The UK’s top civil servant described “being at the end of my tether” over Boris Johnson’s indecision during the pandemic and said he “cannot lead”.
WhatsApp messages shown to the COVID inquiry on Monday reveal the then prime minister’s leadership ability frustrated some of the most senior figures in government.
In one particularly disparaging message from September 2020, Cabinet Secretary Simon Case said Mr Johnson “cannot lead and we cannot support him in leading with this approach”.
Mr Case, in a group that included then chief advisor Dominic Cummings, said: “I am at the end of my tether.
“He changes strategic direction every day (Monday we were all about fear of virus returning as per Europe, March etc – today we’re in ‘let it rip’ mode cos (sic) the UK is pathetic, needs a cold shower etc.)
“He cannot lead and we cannot support him in leading with this approach.
“The team captain cannot change the call on the big plays every day. The team can’t deliver anything under these circumstances.”
Mr Case goes on to admonish a “weak team”, appearing to name former health secretary Matt Hancock and former education secretary Gavin Williamson, saying we “definitely cannot succeed in these circs (sic). IT HAS TO STOP!”.
He added: “Decide and set direction – deliver – explain. Gov’t isn’t actually that hard but this guy is really making it impossible.”
Mr Cummings replied: “Totally agree, am getting lots of despairing messages from people in [meetings] with him.”
Later in the conversation, Mr Cummings said that “as always, discussions with these ministers is moronic. They cannot understand priorities”.
Mr Case replied that the government “doesn’t have the credibility needed to be imposing stuff within only days of deciding not to”.
“We look like a terrible, tragic joke,” he said.
Lee Cain, the Downing Street director of communications, responded with a trolley emoji.
The messages were read out at a hearing in which Martin Reynolds – the former principle private secretary to Mr Johnson – was called to give evidence.
Mr Reynolds admitted Mr Johnson “could blow hot and cold” on some issues.
Asked if that included the “most vital issues which his government faced”, Mr Reynolds said: “Yes, but also the most difficult choices the country was facing – both of which had very difficult consequences.”
The inquiry was also shown a number of extracts from chief scientific adviser Sir Patrick Vallance’s notebooks, including one which said Mr Johnson is “simply not consistent” on COVID.
A string of embarrassing messages have already been released to the inquiry, including how Mr Johnson described long COVID as “b*******” and that his wife, Carrie, had been described as “the real person in charge” by Mr Case.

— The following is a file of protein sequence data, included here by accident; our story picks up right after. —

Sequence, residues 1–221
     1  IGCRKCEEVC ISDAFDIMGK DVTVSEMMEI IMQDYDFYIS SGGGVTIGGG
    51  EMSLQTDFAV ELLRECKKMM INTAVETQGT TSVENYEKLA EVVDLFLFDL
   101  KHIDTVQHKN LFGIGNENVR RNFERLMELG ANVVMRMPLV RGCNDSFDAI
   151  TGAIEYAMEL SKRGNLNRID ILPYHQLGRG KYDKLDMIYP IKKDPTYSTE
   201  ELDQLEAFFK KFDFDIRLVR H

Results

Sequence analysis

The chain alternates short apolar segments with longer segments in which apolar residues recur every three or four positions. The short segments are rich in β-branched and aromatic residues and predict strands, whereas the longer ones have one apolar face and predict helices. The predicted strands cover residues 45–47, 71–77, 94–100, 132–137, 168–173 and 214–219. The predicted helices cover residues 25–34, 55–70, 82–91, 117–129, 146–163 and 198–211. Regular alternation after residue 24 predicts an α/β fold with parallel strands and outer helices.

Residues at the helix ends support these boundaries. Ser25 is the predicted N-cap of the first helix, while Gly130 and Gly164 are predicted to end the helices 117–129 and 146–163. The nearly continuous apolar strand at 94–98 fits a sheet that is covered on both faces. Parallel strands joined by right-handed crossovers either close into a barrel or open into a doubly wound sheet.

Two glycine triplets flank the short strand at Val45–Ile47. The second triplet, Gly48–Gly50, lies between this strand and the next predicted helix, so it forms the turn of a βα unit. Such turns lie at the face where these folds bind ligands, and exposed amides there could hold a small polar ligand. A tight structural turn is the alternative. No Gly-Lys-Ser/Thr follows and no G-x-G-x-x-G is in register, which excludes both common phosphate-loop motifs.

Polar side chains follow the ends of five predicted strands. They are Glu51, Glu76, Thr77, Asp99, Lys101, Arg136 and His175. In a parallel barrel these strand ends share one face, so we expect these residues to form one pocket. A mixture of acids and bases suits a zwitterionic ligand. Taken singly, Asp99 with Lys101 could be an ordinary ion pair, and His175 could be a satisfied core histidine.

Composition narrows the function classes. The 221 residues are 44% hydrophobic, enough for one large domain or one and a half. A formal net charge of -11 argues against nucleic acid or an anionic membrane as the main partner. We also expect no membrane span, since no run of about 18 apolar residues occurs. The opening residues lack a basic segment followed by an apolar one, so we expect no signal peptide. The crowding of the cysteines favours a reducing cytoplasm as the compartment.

‘Culture of chaos’
The Liberal Democrats said the messages lay bare “the culture of chaos in Number 10”.
Health and Social Care spokesperson Daisy Cooper said: “Warring factions, senior figures spinning in circles, and a complete inability to get to grips with any of the major issues facing our COVID response: bereaved families will feel sick to their stomachs hearing about this litany of failings which led to so much unnecessary suffering.
“Many will rightly be furious. Their actions have caused irreparable damage to trust in politics and put millions through unnecessary pain. It is unforgivable.”
Mr Reynolds was infamously nicknamed “Party Marty” after writing a notorious “bring your own booze” email to Downing Street staff during the first lockdown – something he said he was “deeply sorry for” at his hearing today.
The lengthy session also heard how WhatsApp messages in a Boris Johnson group chat were “set to disappear” as calls for a COVID inquiry grew, and that the former PM “did not realise” the messages he sent on the app would eventually be made public at the inquiry.
Mr Reynolds is the first of several senior Downing Street officials giving evidence to the probe this week.
Mr Cain is expected to give evidence tomorrow after today’s session ran over, followed by Mr Cummings – who is expected to dish the dirt on his old boss.
The first part of the inquiry looked at the UK’s resilience and preparedness for a pandemic while the second part, which started this month, focuses on “core decision making and political governance” and will also see Mr Johnson give evidence.